Twin Cities Temporalities: Queer Blackness and Hmong Refugeeism in The Hip Hop Dance Scene

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Twin Cities Temporalities: Queer Blackness and Hmong Refugeeism in The Hip Hop Dance Scene

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The dissertation explores the temporalities and choreographies of the Twin Cities Hip Hop (TCHH) dance scene, explicitly focusing on the interactions between groups with the battle cypher. The study adopts a qualitative research approach, combining ethnographic elements and choreographic analysis, spatial analysis, and the discourse of Breaking to gain an insider perspective into the experiences and motivations of the dancers. The primary research questions investigate how different temporalities converge and interact during battles, generating possible ways of undoing oppressive narratives in the TCHH dance scene.The dissertation comprises five chapters that comprehensively analyze the TCHH scene from the experience of the author and two dance crews. The introduction lays out the author’s methodology, methods, literature review, and an overview of each chapter. The first chapter maps the historical development and cultural significance of Breaking, outlining how patriarchal power dynamics gained a foothold and were sustained over time in the scene. The second chapter centers on the queer Black femme Hip Hop dance crew New Black City (NBC), exploring the contributions and challenges of two members, Yoni Light and Mimi Solis. The third chapter focuses on the primarily Hmong Breaking crew, The Loonies, with interviews from two members, Kou “Koulaid” Lee and Jurza Lee, centering their struggle for recognition. Chapter four imagines an epic battle between NBC and The Loonies, highlighting the dance scene’s interconnectedness of movements and temporalities. This imagined battle represents the two crews’ distinct experiences with oppressive power dynamics in the Twin Cities and how their dancing provides a way to think about undoing these forces. Throughout the dissertation, the choreographic analysis supports the idea that dance is a way to know the world and not a reflection of it. The author uses his specific dance methodology to show how power develops and circulates through the TCHH dance scene. The members of NBC and The Loonies dance challenges to societal norms and power dynamics, asserting their vision of equity within the dance space. The study also examines individual connections and the complexities of expression within the dance scene, including the cultural inheritance brought by Koulaid and Jurza’s joy of Hmong resilience and Light and Solis’s celebration of Black womanhood. The two groups’ approaches to community, adaptability, and representation contribute to the scene’s shifting utopian future. The dissertation’s findings provide valuable insights into the TCHH dance scene and the significance of various dance practices that empower two marginalized groups. These findings can be extended in future studies with other groups within the scene. The author highlights the importance of understanding temporalities and choreography as a means to understand the necessary steps of undoing oppressive power dynamics. The research offers potential future directions for enhancing the understanding of Breaking and Hip Hop dance while fostering inclusivity and empowerment for marginalized dancers within the dance practices. Overall, the dissertation showcases the profound political and artistic dimensions of Hip Hop dance as a transformative force within the TCHH dance scene.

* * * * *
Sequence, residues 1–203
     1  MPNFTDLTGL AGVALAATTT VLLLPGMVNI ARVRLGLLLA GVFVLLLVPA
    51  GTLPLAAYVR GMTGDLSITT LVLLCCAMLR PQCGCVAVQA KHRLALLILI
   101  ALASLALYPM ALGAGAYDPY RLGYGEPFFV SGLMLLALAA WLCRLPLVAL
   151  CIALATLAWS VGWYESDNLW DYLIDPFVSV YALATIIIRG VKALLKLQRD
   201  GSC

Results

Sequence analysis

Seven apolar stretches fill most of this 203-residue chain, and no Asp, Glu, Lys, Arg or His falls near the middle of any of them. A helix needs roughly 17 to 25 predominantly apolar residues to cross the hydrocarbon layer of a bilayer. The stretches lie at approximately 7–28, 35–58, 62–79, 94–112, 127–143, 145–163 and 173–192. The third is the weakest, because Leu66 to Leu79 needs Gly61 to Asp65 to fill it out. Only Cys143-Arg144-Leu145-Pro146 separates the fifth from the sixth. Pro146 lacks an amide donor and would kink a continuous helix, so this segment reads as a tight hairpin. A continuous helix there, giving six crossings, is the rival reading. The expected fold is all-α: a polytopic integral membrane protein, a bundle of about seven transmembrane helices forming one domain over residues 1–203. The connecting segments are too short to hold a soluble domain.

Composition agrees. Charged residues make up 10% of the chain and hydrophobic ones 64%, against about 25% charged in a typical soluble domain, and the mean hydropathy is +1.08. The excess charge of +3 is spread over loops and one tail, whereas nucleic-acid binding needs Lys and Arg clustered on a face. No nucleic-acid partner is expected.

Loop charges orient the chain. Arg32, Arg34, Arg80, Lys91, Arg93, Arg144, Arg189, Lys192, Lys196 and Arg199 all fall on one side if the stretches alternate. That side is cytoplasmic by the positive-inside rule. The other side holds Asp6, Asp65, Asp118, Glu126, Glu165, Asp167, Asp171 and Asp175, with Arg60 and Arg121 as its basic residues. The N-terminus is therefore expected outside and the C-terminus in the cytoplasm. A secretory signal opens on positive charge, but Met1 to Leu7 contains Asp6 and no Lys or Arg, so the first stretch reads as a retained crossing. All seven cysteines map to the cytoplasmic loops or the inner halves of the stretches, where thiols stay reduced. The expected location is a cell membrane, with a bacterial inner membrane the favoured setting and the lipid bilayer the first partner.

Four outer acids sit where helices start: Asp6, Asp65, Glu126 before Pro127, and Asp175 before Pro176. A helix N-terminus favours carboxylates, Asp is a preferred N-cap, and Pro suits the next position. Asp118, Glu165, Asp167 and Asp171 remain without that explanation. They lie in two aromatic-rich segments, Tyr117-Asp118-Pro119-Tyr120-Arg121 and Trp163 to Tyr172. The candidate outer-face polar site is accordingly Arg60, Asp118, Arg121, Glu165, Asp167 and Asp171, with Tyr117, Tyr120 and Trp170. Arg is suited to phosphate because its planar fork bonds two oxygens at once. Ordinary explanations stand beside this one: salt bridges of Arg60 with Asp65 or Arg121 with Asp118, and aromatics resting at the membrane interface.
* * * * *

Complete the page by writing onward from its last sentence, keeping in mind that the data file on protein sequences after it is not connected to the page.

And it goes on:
University of Minnesota Ph.D. dissertation. ---2023. Major: Theatre Arts. Advisor: Cindy Garcia. 1 computer file (PDF); xi, 305 pages.

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Noer, Jason. (2023). Twin Cities Temporalities: Queer Blackness and Hmong Refugeeism in The Hip Hop Dance Scene. Retrieved from the University Digital Conservancy,

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